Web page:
Being a fan of Gundam Wing was fine, honestly. Everybody still watched it, and people liked it. And it was also the fact that at midnights, Cartoon Network would show Gundam Wing “uncut” and seeing anime on TV that had fewer edits made everyone that much more excited.
What did your family think about your fandom? They really had no issue with it at all. They knew that wrestling and the Japanese cartoons were what was in at the time. My sister fully supports and endorses my podcasting, and my dad always asks me, “When’s the next convention?” It’s definitely been one of those “as long as you’re happy” kinds of things.
Do you remember your first anime convention? My first anime convention was Youmacon 2008 here in Detroit. After I got out of the Air Force, one of the things I asked myself was “Why have I never gone to an anime convention?” When I found one in the area, I knew it was time. I took the bus to the convention center in Dearborn, MI. It was everything I hoped it would be. I ended up making a friend over her cosplay of the Major from Ghost in the Shell. Some of the highlights for me were panels on Gundam and cool cosplayers. I’ve been to over 40 conventions since and still going strong.
What was it like being an anime fan in the Air Force? Being an anime fan in the Air Force was a breeze. There were a ton of us. It was an extension of my teens, where no matter where you came from, no matter your background, Toonami and anime was what it was all about. By the early ’00s and into the mids, being in your late teens and early ’20s and liking anime had almost become normal. And yes, even back then, the crossover between anime fans and wrestling fans was still strong.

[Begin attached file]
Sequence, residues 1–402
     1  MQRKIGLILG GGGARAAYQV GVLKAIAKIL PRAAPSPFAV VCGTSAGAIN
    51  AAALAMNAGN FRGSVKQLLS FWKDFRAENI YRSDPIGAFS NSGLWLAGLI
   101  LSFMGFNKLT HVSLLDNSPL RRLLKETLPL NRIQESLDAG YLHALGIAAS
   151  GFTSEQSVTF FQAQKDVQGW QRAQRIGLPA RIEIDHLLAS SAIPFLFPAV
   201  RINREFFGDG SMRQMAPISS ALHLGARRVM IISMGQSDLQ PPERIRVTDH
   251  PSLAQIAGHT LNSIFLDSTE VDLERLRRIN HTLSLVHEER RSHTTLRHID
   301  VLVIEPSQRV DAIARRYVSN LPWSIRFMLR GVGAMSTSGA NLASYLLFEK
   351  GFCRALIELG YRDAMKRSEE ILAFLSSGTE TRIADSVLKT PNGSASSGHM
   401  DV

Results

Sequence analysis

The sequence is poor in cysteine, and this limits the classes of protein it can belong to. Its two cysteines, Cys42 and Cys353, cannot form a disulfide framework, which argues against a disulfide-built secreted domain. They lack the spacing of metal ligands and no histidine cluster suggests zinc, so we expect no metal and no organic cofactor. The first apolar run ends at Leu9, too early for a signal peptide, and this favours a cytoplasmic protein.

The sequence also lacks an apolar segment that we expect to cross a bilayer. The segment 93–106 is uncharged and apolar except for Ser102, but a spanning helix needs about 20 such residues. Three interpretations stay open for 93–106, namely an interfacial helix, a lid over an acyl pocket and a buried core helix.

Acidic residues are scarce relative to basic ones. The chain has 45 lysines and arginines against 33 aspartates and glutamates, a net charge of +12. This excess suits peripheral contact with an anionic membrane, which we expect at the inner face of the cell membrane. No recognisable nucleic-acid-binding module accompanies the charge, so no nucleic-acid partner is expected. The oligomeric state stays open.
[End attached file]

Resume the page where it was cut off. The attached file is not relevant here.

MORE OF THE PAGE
What’s the biggest contrast between anime fandom when you got into it and now? Accessibility. The internet has come along way from when I was accidentally stumbling onto raunchy Gundam Wing fan art in high school. Streaming, YouTube reviewers, guys from Detroit that host two anime podcasts at the same time [a reference to David and his partner’s two podcasts]. The internet also helped me find out that I was not crazy in thinking that girls liked anime just as much as guys did even when I was younger. The fandom in the western world is a big fandom, and we’re all better off for it.
Speaking of raunchy Gundam Wing fan art (I’m sorry, possibly), what was the fandom internet like? Were there particular sites you visited? At the time, I visited ToonZone and the Toonzone Forums. Along with that, cnxtoonami—eventually known as The X Bridge—run by Jeff Harris, best known as “nemalki” back in those days. And don’t worry about the GW fan art. If you couldn’t figure out Quatre and Trowa at least, you had your head in the sand.
You said the internet showed you how much girls liked anime, too. Why weren’t you sure before? Aside from Sailor Moon, girls that I knew didn’t talk about anime much with other friends that I had. I guess they weren’t as comfortable with them as they were with me. It definitely wasn’t a boys club mentality. It was more the other way around, in that the girls isolated themselves, until I worked my charms. Forget that last part. I’m sorry.
David can be reached on Twitter.